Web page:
Rabobank asks whether 'off ramp' in Ukraine-Russia crisis has been missed
Some strategists are asking themselves whether an 'off ramp' from the current crisis has been missed following recent developments around Ukraine, especially Moscow's decision to recognise the entire territorial claims of Ukraine's breakaway regions.
According to Michael Every at Rabobank, initial Western sanctions in response to the recognition of the Donetsk and Luhansk People's Republics were - except for Germany's move to "pause" NordStream 2 - "milquetoast".
Critically, however, Putin later said that Moscow was recognising the territorial claim of the breakaway Donetsk and Luhansk People's Republics to the entirety of their two namesake regions and not just the 30% of their territory that they currently controlled.
Every also referenced the Financial Times, which said that Russian President, Vladimir Putin's remark that "[the] Minsk [peace agreements] were dead" was "about as close as you can get to declaring war".
"Why wouldn’t Russia pause to see if it can get by threat of force, for free, what it would otherwise have to fight for? Yet as I stressed yesterday, Russia’s maximalist demands --partition and Finlandisation-- are not going to be met by Kyiv," the strategist said.
"There is no Minsk framework to stall with. If Russian demands aren't a bluff --and why would they be?-- then logically it will take war to achieve them."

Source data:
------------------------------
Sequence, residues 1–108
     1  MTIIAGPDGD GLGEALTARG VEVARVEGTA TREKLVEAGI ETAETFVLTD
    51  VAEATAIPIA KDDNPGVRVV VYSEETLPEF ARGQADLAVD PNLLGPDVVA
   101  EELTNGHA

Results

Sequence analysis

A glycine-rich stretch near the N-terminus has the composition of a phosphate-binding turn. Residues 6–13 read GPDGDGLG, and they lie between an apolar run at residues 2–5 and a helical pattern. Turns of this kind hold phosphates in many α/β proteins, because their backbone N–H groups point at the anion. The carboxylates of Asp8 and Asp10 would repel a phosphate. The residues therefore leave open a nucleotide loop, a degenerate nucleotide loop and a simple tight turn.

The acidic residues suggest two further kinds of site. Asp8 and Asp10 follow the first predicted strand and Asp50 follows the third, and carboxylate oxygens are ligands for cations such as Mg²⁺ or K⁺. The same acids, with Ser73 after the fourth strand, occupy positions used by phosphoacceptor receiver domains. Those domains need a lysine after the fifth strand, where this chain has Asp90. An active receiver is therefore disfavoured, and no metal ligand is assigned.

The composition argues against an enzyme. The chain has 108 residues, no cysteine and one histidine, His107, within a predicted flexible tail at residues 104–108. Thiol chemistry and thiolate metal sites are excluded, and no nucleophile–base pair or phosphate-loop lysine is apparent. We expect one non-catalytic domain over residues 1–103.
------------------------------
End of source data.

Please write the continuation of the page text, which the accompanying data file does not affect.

Nevertheless, he said there was a possibility that a "sudden mass" Russian troop movement deeper into Ukraine might not occur.
Instead, what might transpire is a "constant economic war aimed at destabilisation".
"[...] A constant attempt to wear Ukraine down; and a constant attempt to try to weary the easy-to-tire West from standing behind Kyiv to 'just make this all go away and let markets ramp up'."
Waiting however could mean that Ukraine was better organised and armed.
All told, Every said he wasn't surprised that the S&P 500 equity benchmark had entered correction territory despite financial markets starting to price out some of the Fed hikes that had been previously factored-in.
"[...] But US futures were trying to ramp up as usual at time of writing, assuming weak sanctions mean 'less risk' rather than flagging to Russia that it is low cost for them to continue moving forwards."
Every also noted reports overnight of Russian forces shelling a power plant in Ukrainian held Luhansk, followed by other reports in the morning of a "massive explosion" in Russian-held Donetsk.
Regarding the latter, Russian state-owned news agency Tass later said that a blast, attributed to a self-made explosive device, had hit a four-story building of the television centre's editorial facility in the Leninsky district.